Saturday’s Child

At the time, I put it down to fate. The jubilation of having scored decent marks after a bare minimum attendance, the ensuing wrath of the hallowed Mrs Dossal who ran the political science department of Elphinstone College, the flaring tempers, the thinly-veiled threats — it nearly brought my academic life to a stand-still. Her words still ring in my ears; and they bring with them the same blinding fury: "I can well imagine how you managed to get these marks. It’s no big secret what can be bought and sold. I know what kind of a family you come from. Miss a single lecture, and we’ll see." The comedy of it all was that it never was a big secret that Mrs Dossal’s ‘prepared notes’ were almost verbatim from the Sabine textbook. Besides, it has never needed a genius to pass bona fide our university exams without attending lectures.

At that time, I found it hard to believe that her rage may have been goaded by envy, pettiness or prejudice. Against what, and against whom? I certainly couldn’t picture her as a frustrated diva. It took me many more such instances to divine exactly what I was up against. From "what kind of family" do I come? A chosen family, a special family, a family gifted with music since three generations. 

For people who — after having ground away the stipulated years in university, higher studies, apprenticeships, etc — trudge up and down the steep ladder of seniority, it must be extremely galling to see the seemingly uneducated, tasteless, loose-living, filthy-rich upstarts of the Indian film industry leave them yards behind in the rat-race. Predictably, the female singer was consigned to the bottom rung of their esteem. Depending upon the sensibilities of the person, and regardless of actualities, she was labelled bai-ji, gaayika, gaanewali, kothewali, devdasi, etc. The list is quite endless; I had to learn to cope with it. 

The earliest memory I have of my mother, Mrs Asha Bhosle, is a fleeting montage of doorbells rung very late in the night, a sobbing woman hugging me back to sleep, the strains of strange, repetitive singing emanating from behind a closed door… I bang on the door wanting to go in, but am roughly pulled away by a man when the music threatens to cease. Later, I learned that that was a routine day in the life of my father: guarding Aai against all impediment which may have prevented her from singing for their supper. I have erased my father from my memory, and with him, some of my own childhood: a defence mechanism, people call it. From the sordid tales I hear from our old cook, I must have desperately needed to do it. Suffice to say that it is the stuff which has fed scriptwriters and novelists from time immemorial, of indignities heaped upon submissive womanhood. 

Aai came into her own quite suddenly. One day it struck her that her third and advanced state of pregnancy may not be able to sustain the daily dose of bashing that was her lot. The next day, she left behind every single paisa she had earned, her bungalow, her car, even her clothes, and sought refuge with Mai Mangeshkar, the grand old materfamilias. (It’s a sore point in my life that she found the courage to do so only when my younger brother Anand was to be born). Of course, there were instant theories in the industry about this ‘desertion’, and I’m sure that there were many who were disappointed when Anand grew up to be (fortunately, only in appearance) a replica of our father.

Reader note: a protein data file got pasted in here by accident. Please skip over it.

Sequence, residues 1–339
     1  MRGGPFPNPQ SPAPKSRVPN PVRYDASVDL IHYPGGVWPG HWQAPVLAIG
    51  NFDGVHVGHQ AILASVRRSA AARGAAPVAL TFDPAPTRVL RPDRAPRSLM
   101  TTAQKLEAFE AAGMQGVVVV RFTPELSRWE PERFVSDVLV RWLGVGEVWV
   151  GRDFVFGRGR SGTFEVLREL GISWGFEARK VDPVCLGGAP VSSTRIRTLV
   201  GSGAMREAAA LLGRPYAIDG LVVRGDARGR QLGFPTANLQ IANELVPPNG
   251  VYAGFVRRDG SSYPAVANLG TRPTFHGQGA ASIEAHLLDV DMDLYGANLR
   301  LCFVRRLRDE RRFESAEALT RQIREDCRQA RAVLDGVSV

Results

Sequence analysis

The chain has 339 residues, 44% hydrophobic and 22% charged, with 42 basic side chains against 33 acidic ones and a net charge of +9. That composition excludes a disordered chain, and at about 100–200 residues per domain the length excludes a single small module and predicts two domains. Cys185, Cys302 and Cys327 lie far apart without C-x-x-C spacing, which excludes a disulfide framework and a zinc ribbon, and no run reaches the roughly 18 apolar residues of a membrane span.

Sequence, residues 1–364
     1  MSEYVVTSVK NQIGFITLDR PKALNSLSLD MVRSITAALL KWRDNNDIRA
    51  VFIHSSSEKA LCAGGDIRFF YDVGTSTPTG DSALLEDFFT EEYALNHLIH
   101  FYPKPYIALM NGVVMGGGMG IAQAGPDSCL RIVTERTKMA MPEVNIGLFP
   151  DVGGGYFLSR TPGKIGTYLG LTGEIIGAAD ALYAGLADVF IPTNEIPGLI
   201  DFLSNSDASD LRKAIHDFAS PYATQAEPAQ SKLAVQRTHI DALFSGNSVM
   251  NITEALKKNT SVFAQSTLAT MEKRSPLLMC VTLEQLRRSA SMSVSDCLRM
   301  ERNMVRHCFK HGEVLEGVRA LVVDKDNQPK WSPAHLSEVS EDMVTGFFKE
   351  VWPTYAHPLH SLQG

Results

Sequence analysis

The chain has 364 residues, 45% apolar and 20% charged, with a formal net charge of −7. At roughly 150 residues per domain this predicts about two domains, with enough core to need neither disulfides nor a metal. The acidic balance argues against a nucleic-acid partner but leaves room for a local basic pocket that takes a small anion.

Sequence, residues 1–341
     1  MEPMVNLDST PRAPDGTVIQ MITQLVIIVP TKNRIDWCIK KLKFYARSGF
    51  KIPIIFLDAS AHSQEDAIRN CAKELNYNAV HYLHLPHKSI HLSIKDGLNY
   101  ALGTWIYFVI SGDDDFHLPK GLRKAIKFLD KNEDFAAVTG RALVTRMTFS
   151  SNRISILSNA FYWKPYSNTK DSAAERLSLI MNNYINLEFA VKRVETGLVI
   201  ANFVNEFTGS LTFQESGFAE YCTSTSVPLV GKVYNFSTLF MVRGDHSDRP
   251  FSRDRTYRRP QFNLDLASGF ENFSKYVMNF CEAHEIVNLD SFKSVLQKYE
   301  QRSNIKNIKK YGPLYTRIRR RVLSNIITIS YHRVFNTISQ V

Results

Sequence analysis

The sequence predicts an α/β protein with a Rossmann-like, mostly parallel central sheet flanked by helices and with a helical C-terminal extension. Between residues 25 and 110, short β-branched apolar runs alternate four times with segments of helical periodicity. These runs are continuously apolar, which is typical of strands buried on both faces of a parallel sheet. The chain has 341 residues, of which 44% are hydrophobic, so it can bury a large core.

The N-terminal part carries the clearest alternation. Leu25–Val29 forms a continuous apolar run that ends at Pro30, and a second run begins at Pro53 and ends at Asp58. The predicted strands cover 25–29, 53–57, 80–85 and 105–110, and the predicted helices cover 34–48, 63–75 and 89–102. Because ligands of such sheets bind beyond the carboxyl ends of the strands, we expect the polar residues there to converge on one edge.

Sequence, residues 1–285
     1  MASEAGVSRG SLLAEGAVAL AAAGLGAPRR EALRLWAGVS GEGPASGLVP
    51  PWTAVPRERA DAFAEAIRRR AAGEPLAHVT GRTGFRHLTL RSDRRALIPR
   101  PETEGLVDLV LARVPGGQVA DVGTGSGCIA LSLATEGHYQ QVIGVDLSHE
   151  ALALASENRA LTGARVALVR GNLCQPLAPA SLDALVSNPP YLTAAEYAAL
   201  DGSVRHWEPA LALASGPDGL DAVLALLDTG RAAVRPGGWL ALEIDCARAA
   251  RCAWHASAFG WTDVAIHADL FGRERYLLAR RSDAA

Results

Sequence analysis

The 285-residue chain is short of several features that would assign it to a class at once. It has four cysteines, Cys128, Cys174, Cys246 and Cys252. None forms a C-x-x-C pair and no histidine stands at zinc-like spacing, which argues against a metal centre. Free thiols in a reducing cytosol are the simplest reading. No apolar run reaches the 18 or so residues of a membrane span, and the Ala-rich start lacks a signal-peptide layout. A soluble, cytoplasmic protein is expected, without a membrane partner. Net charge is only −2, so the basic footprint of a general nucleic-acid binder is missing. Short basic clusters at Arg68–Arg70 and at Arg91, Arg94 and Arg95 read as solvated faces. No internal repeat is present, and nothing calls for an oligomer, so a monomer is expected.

From now, I am on safe ground: I do not have to rely on hearsay. My memory miraculously returns with our surreptitious flight to the home of my grandmother, my three aunts and uncle. However, my memories of Aai are still not all that bright. Initially, there’s just a smattering of her, for she has to work twice as hard, since she has to rebuild from scratch, and there is one more mouth to feed. Although she was always there to make our home, put us through school and spoil us with luxuries, I never had enough of her. How a single parent manages to merge the roles of provider and home-maker is still beyond my comprehension. Much later, I asked her, "Aai, you had the security of the roof of your own mother, your sisters — what was the big rush to set up your own house? Instead, couldn’t you have given us more time?" Without missing a beat, she replied, "Never again did I want to be at the mercy of anyone else. It would have been equally harmful for you three. You had to grow up in your own home, and with the freedom I alone could sanction". We did, we did. 

After setting up independently, Aai rebelled a textbook kind of rebellion. Much more than today, the film industry — like our society at large — was saturated with prejudice, hypocrisy and factionism — and Asha Bhosle had tacitly been branded a fallen woman. It certainly didn’t help when the closest comparable rival was her own sister, the ethereal Miss Lata Mangeshkar. Soon, choice assignments were withdrawn, and a conspiracy of silence manifested itself into Aai’s musical career… But, if anyone so much as suggested something to alleviate the situation, you could bank on Asha Bhosle to do the opposite. After more than a decade of suppression, and of keeping the shame of her squalid married life from her family and colleagues, she simply revelled in her absolute freedom. What still fascinates me is the total honesty and fearlessness with which she lived, as if to say, "My life is an open book, make of it what you will." 

It’s accepted that one needs to humanise a hero in order to understand and truly appreciate him; the corollary to which may be that an idol admitting to be made entirely of clay, as they all must be, is soon relegated to the tar-pits. Whatever others may say, I’m convinced that her being typecast by music directors as the perennial cabaret/ mujra/ qawwali singer is a fallout of her early life. I’m not quite qualified to comment on music, but one fact is undeniable — like any other extraordinary singer, she excelled in all genres, but Hindi film-makers were ticklish about giving their on-screen epitomes of Indian womanhood the voice of this rather camp personality. If the character was ‘westernised’, her voice was that of Asha. And this label stuck just at the time when the most memorable music was being composed for the Indian heroine.